This study has clearly shown that pregnancy consistently induces thrombocytopenia during the second–third trimester, often followed by overt TTP. In normal pregnancies, plasma VWF increases steadily during gestation and reaches a maximum level (200∼500% of the normal control) at term with appearance of UL-VWF multimers. The elevated plasma levels of VWF return to normal within one week after delivery (Stirling et al, 1984). Thus, the plasma milieu during the third trimester and at delivery appears to be similar to that seen after DDAVP administration. Thus, it is conceivable that the rapidly increased plasma level of UL-VWF multimers plays a critical role in precipitating overt TTP in pregnant women with USS.

More interestingly, however, the onset of clinically overt TTP observed in our USS patients during pregnancy is in contrast to mice with ADAMTS13 knock-out (Motto et al, 2005; Banno et al, 2006). As previously shown, the ADAMTS13 knock-out mice have UL-VWF multimers in their plasma and were potentially thrombogenic in in vitro studies using a parallel plate flow-chamber system under high shear stress. However, no thrombotic complications were found in the mice after pregnancy. We assume that it is important to note that haemodynamics formed by anatomically different vasculature networks in these two species significantly differs.

It has been proposed that there may be clinically distinct phenotypes of USS, with early-onset and late-onset types (Furlan & Lämmle, 2001; Camilleri et al, 2008). Our experience supports this hypothesis. In fact, three out of the nine women who were diagnosed with USS during pregnancy appeared to lack any clinical signs of TTP during their childhood. The distinction of USS patients into two phenotypes by their plasma levels of ADAMTS13 activity is less likely, because all nine of our USS patients had undetectable ADAMTS13 activity (<0·5% of the normal control) by the sensitive act-ELISA. In the nine women, eight of the ADAMTS13 mutations were compound heterozygotes of Y304C/G525D (2 siblings), R125VfsX6/Q1302X (2 siblings), R193W/R349C (2 siblings), I178T/Q929X, and R193W/A6060P, and one was homozygous for R193W/R193W. Except for R193W, these mutations were all novel, and distributed from exons 4–28. The location of the ADAMTS13 mutations in our nine USS patients, seven in the metalloprotease domain and the remaining two on the disintegrin/cysteine-rich domains, may be relevant to the clinical presentation. Camilleri et al (2008) recently reported that prevalence of R1060W missense mutation at the seventh thrombospondin-1 domain was associated with late-onset adult TTP, but we have not found the R1060W mutation in our 37 Japanese patients with USS (unpublished). Thus, presently there is no clear evidence dividing USS into two phenotypes on a basis of ADAMTS13 activity levels or ADAMTS13 mutations. Our observations below also support this concept; two siblings of family M (M-3 and M-4) were the late-onset type, whereas other two siblings of family L (L-2 andL-3) shared two different onset types.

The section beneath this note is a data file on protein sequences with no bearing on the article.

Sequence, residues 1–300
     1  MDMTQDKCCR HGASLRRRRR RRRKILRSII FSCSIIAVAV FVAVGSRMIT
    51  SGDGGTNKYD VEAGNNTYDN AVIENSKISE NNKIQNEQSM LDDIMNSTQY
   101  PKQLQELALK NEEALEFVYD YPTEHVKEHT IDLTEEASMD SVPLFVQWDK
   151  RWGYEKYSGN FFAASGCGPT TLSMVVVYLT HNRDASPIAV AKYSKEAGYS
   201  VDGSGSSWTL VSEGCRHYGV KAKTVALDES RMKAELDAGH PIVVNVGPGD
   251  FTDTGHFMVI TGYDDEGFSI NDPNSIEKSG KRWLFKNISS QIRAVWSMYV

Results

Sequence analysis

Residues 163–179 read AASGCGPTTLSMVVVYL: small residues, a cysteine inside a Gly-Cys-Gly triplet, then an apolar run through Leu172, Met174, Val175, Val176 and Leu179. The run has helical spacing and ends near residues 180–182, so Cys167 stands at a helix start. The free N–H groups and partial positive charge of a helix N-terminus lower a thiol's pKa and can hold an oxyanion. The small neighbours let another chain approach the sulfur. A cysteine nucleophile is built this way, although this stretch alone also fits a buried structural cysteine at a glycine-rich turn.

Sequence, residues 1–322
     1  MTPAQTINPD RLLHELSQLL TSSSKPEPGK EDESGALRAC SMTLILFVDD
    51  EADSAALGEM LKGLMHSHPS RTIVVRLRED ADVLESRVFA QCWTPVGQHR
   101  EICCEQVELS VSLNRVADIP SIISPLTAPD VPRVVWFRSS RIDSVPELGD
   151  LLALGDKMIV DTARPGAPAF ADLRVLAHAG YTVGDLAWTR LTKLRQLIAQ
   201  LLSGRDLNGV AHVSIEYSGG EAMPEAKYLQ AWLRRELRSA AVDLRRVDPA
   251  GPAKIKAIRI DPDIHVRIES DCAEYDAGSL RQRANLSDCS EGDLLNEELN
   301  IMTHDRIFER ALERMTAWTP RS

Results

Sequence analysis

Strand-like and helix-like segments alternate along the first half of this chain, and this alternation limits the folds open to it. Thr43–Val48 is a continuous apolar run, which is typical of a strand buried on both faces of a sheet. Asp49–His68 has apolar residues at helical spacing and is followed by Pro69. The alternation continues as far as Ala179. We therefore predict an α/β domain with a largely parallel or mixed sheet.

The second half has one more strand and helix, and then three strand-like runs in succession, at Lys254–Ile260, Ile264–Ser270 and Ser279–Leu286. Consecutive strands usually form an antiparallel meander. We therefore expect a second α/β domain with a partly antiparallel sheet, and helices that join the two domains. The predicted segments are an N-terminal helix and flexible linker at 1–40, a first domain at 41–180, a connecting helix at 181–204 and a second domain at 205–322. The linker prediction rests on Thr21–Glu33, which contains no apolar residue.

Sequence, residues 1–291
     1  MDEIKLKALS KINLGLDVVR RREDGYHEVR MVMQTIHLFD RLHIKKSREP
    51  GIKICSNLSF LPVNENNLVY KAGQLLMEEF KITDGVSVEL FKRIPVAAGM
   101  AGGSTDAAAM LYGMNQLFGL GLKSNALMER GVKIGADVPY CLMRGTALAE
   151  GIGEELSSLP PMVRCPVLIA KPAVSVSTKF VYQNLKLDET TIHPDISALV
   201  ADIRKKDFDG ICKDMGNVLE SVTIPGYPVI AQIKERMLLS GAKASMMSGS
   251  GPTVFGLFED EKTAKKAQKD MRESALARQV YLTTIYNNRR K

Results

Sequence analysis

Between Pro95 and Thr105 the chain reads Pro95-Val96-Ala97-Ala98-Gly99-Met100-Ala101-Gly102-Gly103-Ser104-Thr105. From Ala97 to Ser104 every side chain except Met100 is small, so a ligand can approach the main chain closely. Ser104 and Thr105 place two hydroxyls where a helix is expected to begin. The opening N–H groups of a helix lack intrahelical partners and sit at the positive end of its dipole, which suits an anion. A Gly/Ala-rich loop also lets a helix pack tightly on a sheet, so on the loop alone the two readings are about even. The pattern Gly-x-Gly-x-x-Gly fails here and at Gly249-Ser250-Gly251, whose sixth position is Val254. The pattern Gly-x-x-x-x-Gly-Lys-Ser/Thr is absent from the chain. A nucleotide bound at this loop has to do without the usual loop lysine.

Veyradier et al (2003) described that prophylactic plasma infusions (fresh frozen plasma at a single dose of 10 ml/kg) every 3–4 weeks were efficiently performed to prevent periods of TTP in their USS-patients, but more plasma infusions (10 ml/kg during 2–5 consecutive days) were required during each relapse as early as possible. However, a standard therapeutic protocol for plasma infusions for pregnant women with USS has not been established. Our experience here clearly demonstrates that women with USS during pregnancy expose their infants to high risk without prophylactic plasma infusions. The risks for fetal loss are presumably caused by the disturbance of utero-placental circulation with platelet thrombi formed, as shown in Patient K-3 with extensive necrotic lesions in both the placenta and uterus. Among 15 pregnancies (one twin pregnancy), eight infants were stillborn or died soon after birth, and the remaining eight survived but they were premature except for one mature baby (O-5 in Fig 3). Further, seven of eight surviving infants were born by Caesarean section; one with prophylactic plasma infusions, two without plasma infusions, and four with aspirin. Notably, one mature baby (O-5) was born at 39 weeks gestation by natural delivery following plasma infusions to the mother that had started in the very early stage of pregnancy (8 weeks gestation). This experience clearly indicated that prophylactic plasma infusions (fresh frozen plasma, about 10 ml/kg; 400–480 ml per week) at this stage of pregnancy allowed an uneventful delivery. But the best protocol for plasma infusions to women with USS during pregnancy remains to be determined in future studies.

It is clear that deficient ADAMTS13 activity in maternal plasma is harmful to both the mother and fetus. Retrospectively, we suspect that the first two children from asymptomatic carriers of L-1 (Fig 1, bottom) and M-1/-2 (Fig 3, top) might have had USS, because the former died of intrauterine fetal death at 20 weeks gestation and the latter was a stillbirth at 32 weeks gestation. This speculation is based on the observation of UL-VWF multimers in normal newborn cord blood, despite of subnormal levels of ADAMTS13 activity (Johnson et al, 1981; Tsai et al, 2002).

Because of these clinical observations, here we strongly recommend that ADAMTS13 activity, and ADAMTS13 inhibitor should be measured in patients with thrombocytopenia during childhood and in association with pregnancy.

Conflict-of-interest disclosure

YF is a member of clinical advisory boards for Baxter BioScience.

Acknowledgements

This work was supported in part by research grants from the Ministry of Education, Culture, Sports, Science and Technology of Japan and from the Ministry of Health, Labor, and Welfare of Japan.